Endearing, vivacious, and hyper-self-reflexive, Wyatt Kahn’s Work is a charming addition to this year’s Performa biennial. In the puppet-mocumentary, Kahn’s hard-edged, sculptural paintings come alive as plush pillow sculptures with the aid of puppeteers actually visible on stage, and Kahn himself appears as his own puppet master.
The plot, co-written by Kahn and Veronica Gonzalez Peña, is simple: Kahn tries to finish a piece. However, the performance isn’t really about the artist’s struggle. It is a metaphorical coming-of-age story for the piece in question. The incomplete artwork is made of four panels who are wily, youthful, and not “united.” These panels then meet two of Kahn’s actual pieces (or puppets of these pieces), Amigo and Seascape, and the veteran paintings guide the younglings, for better or worse, through the maturation process.
A debate over the merits of contemporary painting takes the form of a yelling match between Seascape and Amigo, in response to a query into the origin of Amigo’s name. In a posh British accent, Amigo professes—quite proudly—that he’s a continuation of the formalist conversation of the 1960s and ’70s. Seascape responds with a snort. The situation escalates. Amigo calls Seascape conceptual trash. Seascape retorts that he’s not garbage but an energetic attempt to reconcile the modality and multifaceted nature of 20th-century culture and people. (At one point, one of the panels of the incomplete work shouts, “I wanna grow a concept!” to which Seascape responds by pulling out a selfie-stick.)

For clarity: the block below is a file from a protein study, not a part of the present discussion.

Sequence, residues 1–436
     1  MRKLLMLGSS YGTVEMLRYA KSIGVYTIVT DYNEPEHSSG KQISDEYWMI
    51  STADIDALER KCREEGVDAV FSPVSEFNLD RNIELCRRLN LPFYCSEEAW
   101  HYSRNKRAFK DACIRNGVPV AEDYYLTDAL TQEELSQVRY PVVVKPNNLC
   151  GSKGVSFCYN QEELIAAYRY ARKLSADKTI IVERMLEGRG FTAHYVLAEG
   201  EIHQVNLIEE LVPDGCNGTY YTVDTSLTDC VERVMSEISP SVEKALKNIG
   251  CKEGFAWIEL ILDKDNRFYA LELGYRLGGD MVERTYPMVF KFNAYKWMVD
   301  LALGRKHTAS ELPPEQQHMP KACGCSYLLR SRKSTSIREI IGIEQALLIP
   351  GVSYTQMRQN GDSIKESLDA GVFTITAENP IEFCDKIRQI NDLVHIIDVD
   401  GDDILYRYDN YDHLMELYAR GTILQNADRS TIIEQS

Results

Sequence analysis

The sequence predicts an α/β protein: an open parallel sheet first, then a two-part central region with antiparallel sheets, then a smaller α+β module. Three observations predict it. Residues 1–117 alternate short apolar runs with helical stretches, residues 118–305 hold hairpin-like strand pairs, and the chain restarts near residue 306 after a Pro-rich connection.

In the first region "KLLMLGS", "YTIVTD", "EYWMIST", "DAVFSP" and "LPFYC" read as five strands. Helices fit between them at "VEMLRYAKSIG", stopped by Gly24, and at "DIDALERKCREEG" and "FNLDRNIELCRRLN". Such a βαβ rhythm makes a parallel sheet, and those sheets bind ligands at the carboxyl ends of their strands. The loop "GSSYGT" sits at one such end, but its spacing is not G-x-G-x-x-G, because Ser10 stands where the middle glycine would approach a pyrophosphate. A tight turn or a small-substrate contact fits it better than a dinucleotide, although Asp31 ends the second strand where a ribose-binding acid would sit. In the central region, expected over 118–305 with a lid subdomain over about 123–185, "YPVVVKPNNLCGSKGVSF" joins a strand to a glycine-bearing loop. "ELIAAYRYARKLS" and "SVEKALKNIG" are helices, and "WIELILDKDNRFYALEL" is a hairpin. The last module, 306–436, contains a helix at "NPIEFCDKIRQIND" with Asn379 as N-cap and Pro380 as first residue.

When asked about the absurdist nature of the show, Kahn told me, “If there was one dialogue about my paintings that may not have been discussed before, I hope it is the use of humor.”
Of all the characters, Kahn is onstage the least. When he is onstage, he can be seen fidgeting with the painting at play, signing about what he’s doing, or answering his phone. The phone is a point of access into Kahn’s professional life. He receives calls about various aspects of his career, scheduling a pick-up date for an upcoming art fair and a lunch with someone named Ben. These phone calls seem to depress Kahn (the character), with his responses consisting of somber yeses. He also curses out both Ben and the idea of lunch itself.
This is not to say Work is all witty self-deprecation. At the end of the performance, the painter emerges and successfully finishes the piece he spent so long fretting over, for the audience to see.
This was Kahn’s first attempt at live performance, and the transition between mediums was seamless, with the painter able to navigate the new structural elements with deftness and grace. This ease could be attributed to what Kahn sees as a similarity in process between the two mediums. “A lot of the creation of the show was a solitary effort, similar to the creation of a painting,” he said. “I made puppets, designed the set, and came up with concept of the performance. The collaboration began when working with Veronica on the script and then directing and working with the performers.”
“The real challenge for me,” he continued, “was to work with the performers. In the beginning, I didn’t want to direct them, but it became clear that my way of understanding that process was different than how [the actors] were used to working. So, I needed to adjust, making them feel more comfortable and confident.”
Work will be performed next on December 10 and 11 at the Contemporary Art Museum St. Louis, alongside Kahn’s solo show there, titled “Object Paintings.”